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ED#83 : Installing DirectX 9 Can & Will Kill DirectX 10 Rev. 3.0
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ED#83 : Installing DirectX 9 Can & Will Kill DirectX 10

Recently, I reinstalled the software on our testbed for another long run of benchmarks. Amongst those software were some DirectX 9 and DirectX 10 games. After installing them, I realized that one of the games, BioShock did not work. Whenever I tried loading BioShock, it would just hang with a black screen.

At first, I thought it was the new version 1.1 patch because the other DirectX 10 games I installed worked. So I reinstalled BioShock without applying the patch. Still no go. It still hung when I ran it. Once again, I did an intense search online that didn't really reveal much. Take-Two Interactive's support site claimed it was the driver, so I tried a different driver. No success there either.


The Solution!

Then I discovered that they suggested reinstallating DirectX if the game crashed at a black screen after selecting the difficulty level. Granted, my case was a little different since I didn't even manage to get to the game menu, much less select any difficulty level! In any case, it was worth a shot.

I downloaded the DirectX 10 redistributable package (November 2007 Build) and gave it a whirl. Well, well, well, what do you know? That did the trick! BioShock and the upgraded BioShock 1.1 ran like a charm.

After analyzing what happened, I came to the conclusion that the recent installation of some DirectX 9 games was the cause. Those games would install DirectX 9.0c as part of their installation process, just to ensure your PC would have the latest DirectX version installed.

By right, the reinstallation of DirectX 9.0c should not affect DirectX 10 at all. However, it appears that the reinstallation of DirectX 9.0c by those games have somehow corrupted DirectX 10 in Windows Vista. The solution was simple - reinstall DirectX 10, but this should not have been necessary. Microsoft should look into why installing DirectX 9.0c corrupts DirectX 10.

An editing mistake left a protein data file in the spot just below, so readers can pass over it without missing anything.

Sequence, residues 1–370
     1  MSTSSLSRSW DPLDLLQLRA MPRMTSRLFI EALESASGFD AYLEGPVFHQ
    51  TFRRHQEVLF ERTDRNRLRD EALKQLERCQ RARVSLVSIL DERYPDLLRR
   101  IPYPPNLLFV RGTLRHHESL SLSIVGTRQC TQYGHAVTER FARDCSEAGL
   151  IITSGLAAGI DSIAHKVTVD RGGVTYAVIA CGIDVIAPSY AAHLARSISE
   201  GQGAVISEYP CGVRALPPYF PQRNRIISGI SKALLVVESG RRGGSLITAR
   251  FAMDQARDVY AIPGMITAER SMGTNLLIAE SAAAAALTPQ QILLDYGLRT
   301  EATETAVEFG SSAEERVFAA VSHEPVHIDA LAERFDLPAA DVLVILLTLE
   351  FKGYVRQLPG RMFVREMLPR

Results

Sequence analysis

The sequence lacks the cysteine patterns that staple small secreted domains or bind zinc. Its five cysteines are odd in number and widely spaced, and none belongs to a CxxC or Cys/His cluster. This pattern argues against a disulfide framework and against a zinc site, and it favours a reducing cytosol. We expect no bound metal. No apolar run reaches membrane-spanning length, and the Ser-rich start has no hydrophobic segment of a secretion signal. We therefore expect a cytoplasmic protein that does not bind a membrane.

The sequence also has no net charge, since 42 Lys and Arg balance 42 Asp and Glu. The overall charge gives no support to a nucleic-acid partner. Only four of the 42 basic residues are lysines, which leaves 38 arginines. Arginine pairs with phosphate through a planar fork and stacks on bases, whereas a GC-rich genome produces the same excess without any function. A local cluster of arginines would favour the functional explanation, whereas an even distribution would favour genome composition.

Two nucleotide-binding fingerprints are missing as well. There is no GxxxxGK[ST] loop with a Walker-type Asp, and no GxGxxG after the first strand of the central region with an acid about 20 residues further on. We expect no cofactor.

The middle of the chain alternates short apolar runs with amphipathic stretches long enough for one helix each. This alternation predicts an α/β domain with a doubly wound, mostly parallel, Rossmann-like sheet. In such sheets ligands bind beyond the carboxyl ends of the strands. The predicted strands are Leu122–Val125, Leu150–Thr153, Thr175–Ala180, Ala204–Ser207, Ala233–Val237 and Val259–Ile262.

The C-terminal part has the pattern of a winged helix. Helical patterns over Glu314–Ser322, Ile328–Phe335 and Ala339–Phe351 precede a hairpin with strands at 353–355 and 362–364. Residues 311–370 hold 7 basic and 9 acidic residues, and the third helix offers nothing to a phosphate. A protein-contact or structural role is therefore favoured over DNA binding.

If you face the same problem, try reinstalling DirectX 10. You can download the latest version here. This redistributable package does not require WGA validation to download.


Problem & Solution Confirmed!

I installed F.E.A.R. yesterday. Coincidentally, F.E.A.R. automatically installs the included DirectX 9 redistributable during its installation process. There wasn't even the option to skip installing DirectX 9. So I thought, what the heck... let's give it a try and see if we can reproduce the problem.

Right after installing it, I gave BioShock a try and it hung at a black screen. Fortunately, I had the solution this time. I re-installed the DirectX 10 redistributable package and voilà! BioShock loaded up normally. So, there you have it - a direct cause-and-effect reproduction of the problem.

Obviously, something is wrong with the DirectX 9 redistributable package. However, I don't think Microsoft can do anything about this since the DirectX 9 redistributable is everywhere and has been in use for ages. We just want to warn you about this problem so you won't need to scratch your head if your DirectX 10 game does not work. It could be because you just installed a DirectX 9 game. Try reinstalling the DirectX 10 redistributable.


Oops, We Did It Again!

We recently tried running the Cryostasis Tech Demo benchmark for the NVIDIA GeForce GTX 295 graphics card review but it kept crashing. Reinstalling the benchmark and graphics driver didn't do the trick either. We thought it might have been the hardware physics support in the game, so we turned that off too. Unfortunately, it kept crashing.

In the end, we decided to check if DirectX 10 might perhaps be corrupt. We no longer use F.E.A.R. as our benchmark, but we still use Supreme Commander as a RTS (real-time strategy) game benchmark. As you know, Supreme Commander is a DirectX 9 game, and like all DirectX 9 games, it will re-install DirectX 9 during its installation.

This time, Microsoft has an updated DirectX 10 redistributable package (November 2008 build). We re-installed DirectX 10 and retried the Cryostasis Tech Demo. It finally worked!

So, we have yet again confirmed that installing DirectX 9 can and will kill DirectX 10. If you ever have a problem playing any DirectX 10 game, don't forget to check if you had earlier installed a DirectX 9 game. If you did, that could be the problem. Try reinstalling DirectX 10.


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Questions & Comments

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Date Revision Revision History



Initial Release.



Updated with a report on the reproduction of the problem and solution after installing F.E.A.R.



Updated with a report on the reproduction of the problem and solution with Supreme Commander and Cryostasis.

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